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Virginia Ends School Year; States Order Businesses To Close As Virus Spreads

Virginia Gov. Ralph Northam (front) announced that schools in the state will remained closed for at least the rest of the academic school year.
Steve Helber
Virginia Gov. Ralph Northam (front) announced that schools in the state will remained closed for at least the rest of the academic school year.

Updated at 3:33 p.m. ET

Gov. Ralph Northam announced on Monday that schools in Virginia will be closed for the foreseeable future as a result of the spread of the coronavirus.

"Today I'm directing all schools in Virginia to remain closed at least through the end of this academic year," Northam said during an afternoon press conference.

Northam added that he is issuing an executive order effective at midnight Tuesday, placing additional restrictions on businesses that serve the public.

All recreation facilities that including bowling alleys, movie theaters and fitness centers must close. The order also includes personal care business and services "that cannot adhere to social distancing" such as barbershops and massage parlors.

The governor said those measures will be in place for at least 30 days.

Restaurants can remain open for carryout, curbside and deliveries only.

The announcement comes as Virginia has 254 confirmed coronavirus cases and six COVID-19 related deaths.

Earlier in the day, governors in Maryland and Massachusetts issued executive orders on Monday ordering nonessential businesses in their states closed as the race to halt the spread of the deadly coronavirus intensifies.

Meanwhile Florida Gov. Ron DeSantis announced a drive-through testing facility will open in The Villages, a sprawling mega-retirement community in the central part of the state.

In Maryland, Gov. Larry Hogan issued a new executive order effective at 5 p.m. ET., which he referred to as "immediate, additional mitigation and social distancing actions."

The executive order closes all nonessential businesses, organizations, establishments and facilities in the state.

"Let me be clear, we are not issuing or ordering a shelter in place directive or forcing people to stay home," Hogan said. He reiterated that Marylanders should follow previous state-wide directives, including the new state law prohibiting crowds of more than 10 people.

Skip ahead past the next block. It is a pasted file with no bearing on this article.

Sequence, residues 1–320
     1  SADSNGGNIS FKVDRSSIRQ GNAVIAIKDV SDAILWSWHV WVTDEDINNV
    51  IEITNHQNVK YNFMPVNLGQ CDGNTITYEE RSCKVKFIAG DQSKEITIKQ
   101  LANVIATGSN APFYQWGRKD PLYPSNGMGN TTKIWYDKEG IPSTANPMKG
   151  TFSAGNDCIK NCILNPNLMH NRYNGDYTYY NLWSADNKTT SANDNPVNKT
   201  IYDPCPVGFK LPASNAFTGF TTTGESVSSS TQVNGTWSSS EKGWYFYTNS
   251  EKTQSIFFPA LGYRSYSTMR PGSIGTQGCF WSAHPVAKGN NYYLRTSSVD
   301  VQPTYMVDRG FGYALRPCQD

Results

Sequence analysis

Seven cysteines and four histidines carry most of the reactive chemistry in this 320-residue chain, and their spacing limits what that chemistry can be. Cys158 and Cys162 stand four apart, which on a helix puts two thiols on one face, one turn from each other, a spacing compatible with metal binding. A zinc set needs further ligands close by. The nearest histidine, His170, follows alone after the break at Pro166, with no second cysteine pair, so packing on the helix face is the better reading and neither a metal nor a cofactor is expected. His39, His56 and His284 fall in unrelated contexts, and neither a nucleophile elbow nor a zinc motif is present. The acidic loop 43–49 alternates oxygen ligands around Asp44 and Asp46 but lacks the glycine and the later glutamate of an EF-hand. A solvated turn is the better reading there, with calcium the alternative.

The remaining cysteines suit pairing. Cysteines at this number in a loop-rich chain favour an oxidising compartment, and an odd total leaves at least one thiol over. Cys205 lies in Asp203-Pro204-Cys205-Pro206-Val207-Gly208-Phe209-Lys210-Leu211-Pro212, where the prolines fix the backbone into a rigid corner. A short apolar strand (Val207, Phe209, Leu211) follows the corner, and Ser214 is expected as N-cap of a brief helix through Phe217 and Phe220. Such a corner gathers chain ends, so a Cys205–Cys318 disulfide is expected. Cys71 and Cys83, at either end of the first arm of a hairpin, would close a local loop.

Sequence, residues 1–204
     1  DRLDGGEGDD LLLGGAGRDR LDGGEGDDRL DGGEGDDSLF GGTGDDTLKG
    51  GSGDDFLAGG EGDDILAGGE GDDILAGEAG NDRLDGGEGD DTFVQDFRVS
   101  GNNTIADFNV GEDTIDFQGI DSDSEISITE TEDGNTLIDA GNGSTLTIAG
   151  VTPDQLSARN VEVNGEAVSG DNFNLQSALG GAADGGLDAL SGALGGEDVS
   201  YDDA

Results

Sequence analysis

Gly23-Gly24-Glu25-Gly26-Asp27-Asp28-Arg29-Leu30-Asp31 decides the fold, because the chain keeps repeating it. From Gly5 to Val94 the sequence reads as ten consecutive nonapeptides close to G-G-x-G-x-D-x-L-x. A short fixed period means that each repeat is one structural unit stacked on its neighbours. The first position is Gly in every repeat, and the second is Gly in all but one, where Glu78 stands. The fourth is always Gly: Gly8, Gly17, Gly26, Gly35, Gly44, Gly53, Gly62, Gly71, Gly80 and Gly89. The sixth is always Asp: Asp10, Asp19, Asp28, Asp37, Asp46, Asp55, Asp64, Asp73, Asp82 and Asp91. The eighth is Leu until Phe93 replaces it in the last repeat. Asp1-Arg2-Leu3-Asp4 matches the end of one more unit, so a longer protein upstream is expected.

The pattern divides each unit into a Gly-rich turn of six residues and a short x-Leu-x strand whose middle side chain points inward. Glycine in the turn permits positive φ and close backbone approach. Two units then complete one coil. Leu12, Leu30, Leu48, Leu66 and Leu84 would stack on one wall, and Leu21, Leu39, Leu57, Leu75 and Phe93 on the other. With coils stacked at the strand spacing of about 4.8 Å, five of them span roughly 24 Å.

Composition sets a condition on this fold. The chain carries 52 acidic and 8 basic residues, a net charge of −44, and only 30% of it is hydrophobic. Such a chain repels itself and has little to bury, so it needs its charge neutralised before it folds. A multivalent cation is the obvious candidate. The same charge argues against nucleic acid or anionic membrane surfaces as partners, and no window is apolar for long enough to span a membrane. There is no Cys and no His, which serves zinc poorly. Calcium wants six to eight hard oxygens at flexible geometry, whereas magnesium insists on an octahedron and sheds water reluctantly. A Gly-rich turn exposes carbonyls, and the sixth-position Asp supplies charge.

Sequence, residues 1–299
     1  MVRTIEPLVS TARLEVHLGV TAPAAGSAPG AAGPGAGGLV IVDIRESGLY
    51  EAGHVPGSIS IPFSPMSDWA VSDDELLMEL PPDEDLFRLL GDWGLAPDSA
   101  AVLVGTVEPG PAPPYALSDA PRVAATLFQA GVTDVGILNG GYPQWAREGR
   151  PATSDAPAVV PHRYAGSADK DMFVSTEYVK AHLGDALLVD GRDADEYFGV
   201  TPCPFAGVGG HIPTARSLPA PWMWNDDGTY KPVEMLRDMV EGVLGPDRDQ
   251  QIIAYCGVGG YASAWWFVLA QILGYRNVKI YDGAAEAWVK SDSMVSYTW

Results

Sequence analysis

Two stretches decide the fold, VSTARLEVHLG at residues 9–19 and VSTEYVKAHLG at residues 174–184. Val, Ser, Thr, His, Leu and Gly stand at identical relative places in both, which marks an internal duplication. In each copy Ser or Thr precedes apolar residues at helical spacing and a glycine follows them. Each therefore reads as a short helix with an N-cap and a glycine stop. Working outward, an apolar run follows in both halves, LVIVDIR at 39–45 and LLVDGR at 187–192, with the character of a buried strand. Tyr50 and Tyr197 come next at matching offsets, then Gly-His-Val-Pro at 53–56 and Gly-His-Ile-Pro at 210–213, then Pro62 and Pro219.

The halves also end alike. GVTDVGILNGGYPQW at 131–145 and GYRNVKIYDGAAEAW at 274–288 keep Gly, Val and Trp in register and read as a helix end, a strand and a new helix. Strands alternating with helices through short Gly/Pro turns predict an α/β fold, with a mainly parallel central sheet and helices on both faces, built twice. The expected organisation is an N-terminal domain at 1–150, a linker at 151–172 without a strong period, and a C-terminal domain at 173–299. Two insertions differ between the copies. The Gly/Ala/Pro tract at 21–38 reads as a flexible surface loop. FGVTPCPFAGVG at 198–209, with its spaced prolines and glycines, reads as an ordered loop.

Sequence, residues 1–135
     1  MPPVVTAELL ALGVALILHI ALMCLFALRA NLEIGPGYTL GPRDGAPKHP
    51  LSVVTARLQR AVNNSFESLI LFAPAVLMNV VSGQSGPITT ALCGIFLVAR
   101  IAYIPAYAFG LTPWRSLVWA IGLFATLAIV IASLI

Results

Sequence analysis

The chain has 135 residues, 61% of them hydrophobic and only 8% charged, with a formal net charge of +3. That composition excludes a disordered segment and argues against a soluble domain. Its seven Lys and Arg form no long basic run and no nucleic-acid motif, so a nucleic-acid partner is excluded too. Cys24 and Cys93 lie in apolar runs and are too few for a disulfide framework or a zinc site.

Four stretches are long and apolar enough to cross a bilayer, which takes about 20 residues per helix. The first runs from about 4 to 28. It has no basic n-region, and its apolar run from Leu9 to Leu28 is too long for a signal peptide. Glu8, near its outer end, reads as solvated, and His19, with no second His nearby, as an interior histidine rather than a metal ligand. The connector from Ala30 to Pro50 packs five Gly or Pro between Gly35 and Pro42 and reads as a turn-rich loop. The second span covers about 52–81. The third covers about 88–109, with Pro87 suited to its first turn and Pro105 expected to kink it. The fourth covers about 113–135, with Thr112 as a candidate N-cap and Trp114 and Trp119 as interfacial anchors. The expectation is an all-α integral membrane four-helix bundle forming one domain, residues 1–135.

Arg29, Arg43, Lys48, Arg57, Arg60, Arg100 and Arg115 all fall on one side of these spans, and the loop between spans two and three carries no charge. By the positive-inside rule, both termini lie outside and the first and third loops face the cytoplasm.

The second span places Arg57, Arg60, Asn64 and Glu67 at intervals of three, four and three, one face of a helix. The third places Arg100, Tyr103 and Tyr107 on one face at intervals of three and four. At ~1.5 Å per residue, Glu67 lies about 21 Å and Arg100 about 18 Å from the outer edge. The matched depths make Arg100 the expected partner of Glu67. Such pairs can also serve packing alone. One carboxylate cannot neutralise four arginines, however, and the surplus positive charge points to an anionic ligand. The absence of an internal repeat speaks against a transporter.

Hogan's announcement comes as the state has 288 confirmed cases of COVID-19 in all but three of Maryland's 24 counties. The governor also announced its latest coronavirus-related death, a woman in her 40s.

Gov. Charlie Baker of Massachusetts issued a similar directive ordering all non-essential businesses to "cease in person operation."

The order is set to go into effect Tuesday at noon and go through Tues., April 7 at noon. Businesses that provide essential services, such as restaurants and pharmacies, are excluded. Liquor stores and medical marijuana shops can also remain open.

Baker's order advises residents to stay at home and to forgo unnecessary travel during the two-week period. The Baker administration adds it, "does not believe Massachusetts residents can be confined to their homes and does not support home confinement for public health reasons."

DeSantis, speaking from The Villages in Sumter County, Fla., announced a testing site that is "tailormade" for this 55 years and older community because both cars and golf carts will be allowed through.

The operation, conducted in partnership with the University of Florida, hopes to test up to 400 people a day and plans to reach 2,000 people by the end of the week. The governor added that people who didn't reside in The Villages could be tested as well.

According to NPR's Florida Correspondent Greg Allen, retirees there are practicing social distancing:

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Brakkton Booker is a National Desk reporter based in Washington, DC.